May 12, 2011

Category: Budgeting

5 Best Budget Principles

Lately I’ve received tons of emails and texts asking me to write an article about good budgeting practices.  After giving it some thought and more research than I’d care to admit, I came up with what I think are 5 of the Best Budget Principles.  Sure, responsible spending can be uncomfortable and at times may actually hurt.  So does a vaccination safeguarding against polio and both are quite a bit better than their alternatives.  Think of budgeting in the same way.   If overspending and debt devastation are the diseases, building a strong budget is the cure. 

While saving money and a suffering credit rating does not interest everyone, I hope you’ll see the value in adding a few game changing tips to your arsenal in the war on debt.  This commentary could change your life and help to get your financial house in order.  Budgeting is a tool which, if used correctly, can get you where you’d like to go financially.  Like a car, a budget can sputter or stall depending on how it’s driven.  The lists of budget principles are as numerous as the economists and writers who’ve formulated them.  Fortunately they all work to some degree.  The five concepts I’ll discuss today should benefit your plans to save money than you ever have, build a bridge over debt and maximize your success throughout the process.

1. Set Reasonable Goals 

All goals, financial and otherwise, have to be attainable, measurable and time bound, i.e. never open ended.  If your goal is missing any of the three components, it’s not a goal.  What you have is merely an idea, a hope, and good intentions.  Neither of which can stand up to the smallest of well-conceived goals. 

 2.  Motivation is Key

  • Mission Statement  - What you want to achieve by using best budget principles?
  • Purpose Statement - Why you want to do it?
  • Fiasco Scenario – What happens if you fail?
Know your motivation.  A good mission statement might include: saving $5,000 over a 12 month period in order to pay off all revolving debt, buy a reliable used car with cash, or pay for the new kitchen you always wanted. Purpose statements that work usually take aim at the end result.  Living ‘credit card free’ is always a good one.  Earning financial freedom from suffocating debt is another.  Remember, the why is just as important as the how. The Fiasco scenario, the worse imaginable outcome for failing to reach your goal, should be kept in the back on your mind, especially when times get hard or you see something on sale that you really-really-really want to buy.  That’s a good time to parade your fiasco scenario around to the front side of your brain so it can’t be overlooked, pushed aside or forgotten. 

 3.  Be Concise, Challenged and Committed 

 When filling out your Monthly Budget Worksheet, list all reoccurring obligations over $20 (every one of them), even the newspaper delivery.  Challenge yourself to eating out at least half as much as you did before making a budget then decrease that frequency whenever possible.  Stay committed to your budget even when you begin to work your way out of the debt trap you’ve fallen into.  Don’t lose sight of your goal or your purpose statement.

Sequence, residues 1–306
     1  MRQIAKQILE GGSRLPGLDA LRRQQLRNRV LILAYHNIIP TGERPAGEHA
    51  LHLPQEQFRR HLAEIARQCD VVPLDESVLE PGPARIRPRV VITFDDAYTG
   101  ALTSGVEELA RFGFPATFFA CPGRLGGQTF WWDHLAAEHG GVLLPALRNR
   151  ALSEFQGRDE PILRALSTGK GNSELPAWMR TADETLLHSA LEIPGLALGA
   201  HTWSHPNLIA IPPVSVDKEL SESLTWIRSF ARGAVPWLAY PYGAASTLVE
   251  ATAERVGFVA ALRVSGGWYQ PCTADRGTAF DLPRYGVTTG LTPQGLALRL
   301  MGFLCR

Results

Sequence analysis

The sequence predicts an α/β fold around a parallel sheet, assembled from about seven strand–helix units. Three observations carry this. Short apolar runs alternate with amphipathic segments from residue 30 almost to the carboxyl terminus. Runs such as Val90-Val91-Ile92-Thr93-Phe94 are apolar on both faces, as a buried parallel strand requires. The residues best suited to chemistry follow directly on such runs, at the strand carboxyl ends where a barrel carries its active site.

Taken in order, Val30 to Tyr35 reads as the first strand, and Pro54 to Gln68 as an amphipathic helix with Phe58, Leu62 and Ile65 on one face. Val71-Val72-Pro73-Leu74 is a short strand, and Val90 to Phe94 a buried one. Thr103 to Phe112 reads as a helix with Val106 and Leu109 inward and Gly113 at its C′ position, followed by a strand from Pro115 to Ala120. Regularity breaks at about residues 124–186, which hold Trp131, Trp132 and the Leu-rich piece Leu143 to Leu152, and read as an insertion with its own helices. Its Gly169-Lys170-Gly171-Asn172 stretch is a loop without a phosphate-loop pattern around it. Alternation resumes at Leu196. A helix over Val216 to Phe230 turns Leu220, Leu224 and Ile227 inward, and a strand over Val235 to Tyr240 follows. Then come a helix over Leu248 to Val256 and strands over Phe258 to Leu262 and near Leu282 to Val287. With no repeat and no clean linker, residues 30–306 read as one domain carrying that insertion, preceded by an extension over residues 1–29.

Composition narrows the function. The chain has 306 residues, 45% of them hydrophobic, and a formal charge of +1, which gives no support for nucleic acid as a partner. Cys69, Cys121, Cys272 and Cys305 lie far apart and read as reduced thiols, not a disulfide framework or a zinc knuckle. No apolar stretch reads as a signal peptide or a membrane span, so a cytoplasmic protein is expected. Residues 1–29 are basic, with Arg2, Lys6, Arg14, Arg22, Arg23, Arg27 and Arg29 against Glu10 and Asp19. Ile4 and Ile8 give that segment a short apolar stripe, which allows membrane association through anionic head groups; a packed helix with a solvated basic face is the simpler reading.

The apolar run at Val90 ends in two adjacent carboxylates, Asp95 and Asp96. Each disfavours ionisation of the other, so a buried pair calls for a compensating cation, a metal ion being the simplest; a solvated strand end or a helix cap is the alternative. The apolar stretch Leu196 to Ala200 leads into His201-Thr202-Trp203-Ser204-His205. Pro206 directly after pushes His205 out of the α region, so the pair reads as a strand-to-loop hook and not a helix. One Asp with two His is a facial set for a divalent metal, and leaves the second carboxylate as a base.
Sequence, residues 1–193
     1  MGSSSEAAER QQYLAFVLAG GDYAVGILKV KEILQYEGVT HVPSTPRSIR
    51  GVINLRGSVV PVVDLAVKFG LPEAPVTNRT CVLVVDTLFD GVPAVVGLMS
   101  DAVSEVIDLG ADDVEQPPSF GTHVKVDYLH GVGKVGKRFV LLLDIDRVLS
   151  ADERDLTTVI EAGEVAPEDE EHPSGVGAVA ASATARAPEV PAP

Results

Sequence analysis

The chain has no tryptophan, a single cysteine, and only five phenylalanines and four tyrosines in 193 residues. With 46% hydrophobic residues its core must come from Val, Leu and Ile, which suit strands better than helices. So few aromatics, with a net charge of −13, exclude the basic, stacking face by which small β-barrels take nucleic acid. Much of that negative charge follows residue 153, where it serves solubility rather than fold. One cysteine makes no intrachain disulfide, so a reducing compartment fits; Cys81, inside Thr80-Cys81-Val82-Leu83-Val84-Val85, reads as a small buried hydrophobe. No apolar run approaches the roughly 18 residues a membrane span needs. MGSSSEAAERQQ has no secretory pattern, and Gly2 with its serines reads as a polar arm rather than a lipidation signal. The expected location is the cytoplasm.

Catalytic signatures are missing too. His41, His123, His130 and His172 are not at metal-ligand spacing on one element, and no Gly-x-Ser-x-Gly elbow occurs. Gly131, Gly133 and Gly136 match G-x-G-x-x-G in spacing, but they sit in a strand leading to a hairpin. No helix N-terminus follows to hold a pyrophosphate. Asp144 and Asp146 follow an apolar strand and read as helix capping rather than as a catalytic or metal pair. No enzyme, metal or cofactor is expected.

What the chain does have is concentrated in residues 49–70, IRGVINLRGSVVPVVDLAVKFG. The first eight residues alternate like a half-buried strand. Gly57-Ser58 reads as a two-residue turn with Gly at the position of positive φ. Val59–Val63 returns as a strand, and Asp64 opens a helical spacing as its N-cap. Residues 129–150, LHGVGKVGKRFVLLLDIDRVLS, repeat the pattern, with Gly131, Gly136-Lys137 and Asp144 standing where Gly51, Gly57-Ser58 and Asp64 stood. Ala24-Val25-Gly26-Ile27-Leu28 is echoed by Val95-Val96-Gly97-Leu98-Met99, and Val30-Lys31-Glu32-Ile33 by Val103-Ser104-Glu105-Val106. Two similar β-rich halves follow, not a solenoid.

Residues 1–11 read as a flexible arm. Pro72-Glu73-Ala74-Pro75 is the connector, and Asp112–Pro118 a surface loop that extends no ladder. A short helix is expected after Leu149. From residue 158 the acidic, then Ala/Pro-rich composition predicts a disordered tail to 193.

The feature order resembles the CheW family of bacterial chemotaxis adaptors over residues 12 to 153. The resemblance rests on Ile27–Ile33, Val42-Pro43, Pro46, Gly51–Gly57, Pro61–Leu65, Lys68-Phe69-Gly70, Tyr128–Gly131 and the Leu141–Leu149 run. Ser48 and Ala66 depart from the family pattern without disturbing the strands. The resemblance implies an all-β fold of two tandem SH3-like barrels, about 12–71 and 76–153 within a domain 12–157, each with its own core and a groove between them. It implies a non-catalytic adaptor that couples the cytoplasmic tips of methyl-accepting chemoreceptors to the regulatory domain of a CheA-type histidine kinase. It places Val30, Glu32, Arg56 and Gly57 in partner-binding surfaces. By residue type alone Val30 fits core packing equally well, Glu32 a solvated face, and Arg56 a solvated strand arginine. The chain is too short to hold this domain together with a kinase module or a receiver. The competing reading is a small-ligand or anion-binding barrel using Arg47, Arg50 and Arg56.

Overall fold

4.   Mandatory vs. Discretionary Spending

It is extremely important that you spend money according to the budget you’ve built.  Troubles often arise when people stray from the promises they make in the beginning.  Discretionary spending means you do have a choice on making the purchase or not.  If remaining true to a financially responsible debt-reduction savings plan were easy, we’d all be pulling it off with unanimous tranquility.  Avoid unplanned discretionary purchases at all cost.  Emergencies will arise and force you to wobble on your commitments as it is.  Don’t make matters worse by shopping for things you don’t absolutely need 

 5.  Monitoring and Measuring 

Establish time lines throughout the year to help monitor your budgeting successes and your overall performance as your financial situation changes.  Set some benchmarks to grade your efforts then check them at least once a month.  For instance, if you promise to save $1,000 in the next quarter, that’s approximately $333 a month.  If at the end of two months, you haven’t managed to save around $666 dollars, then you’re either spending too much or not putting enough aside.  Consider reevaluating your goals or making some corrective changes to your budget. If you’re serious about living well, on less (not with less) then get started on building your budget worksheet today.  The less you spend equals more you get to keep and that’s always money in the bank. 


Written By Victor McGlothin Victor writes money management tips and other financial hints for ace cash express.  Before joining ace, Victor wrote several bestselling novels and worked in upper management in the banking industry.  When Victor is not helping consumers with responsible spending ideas, he’s working on a “Talking Money Tips” audio book.  Follow him on twitter @iwritemoneytips  and @acecash  www.facebook.com/acecashexpress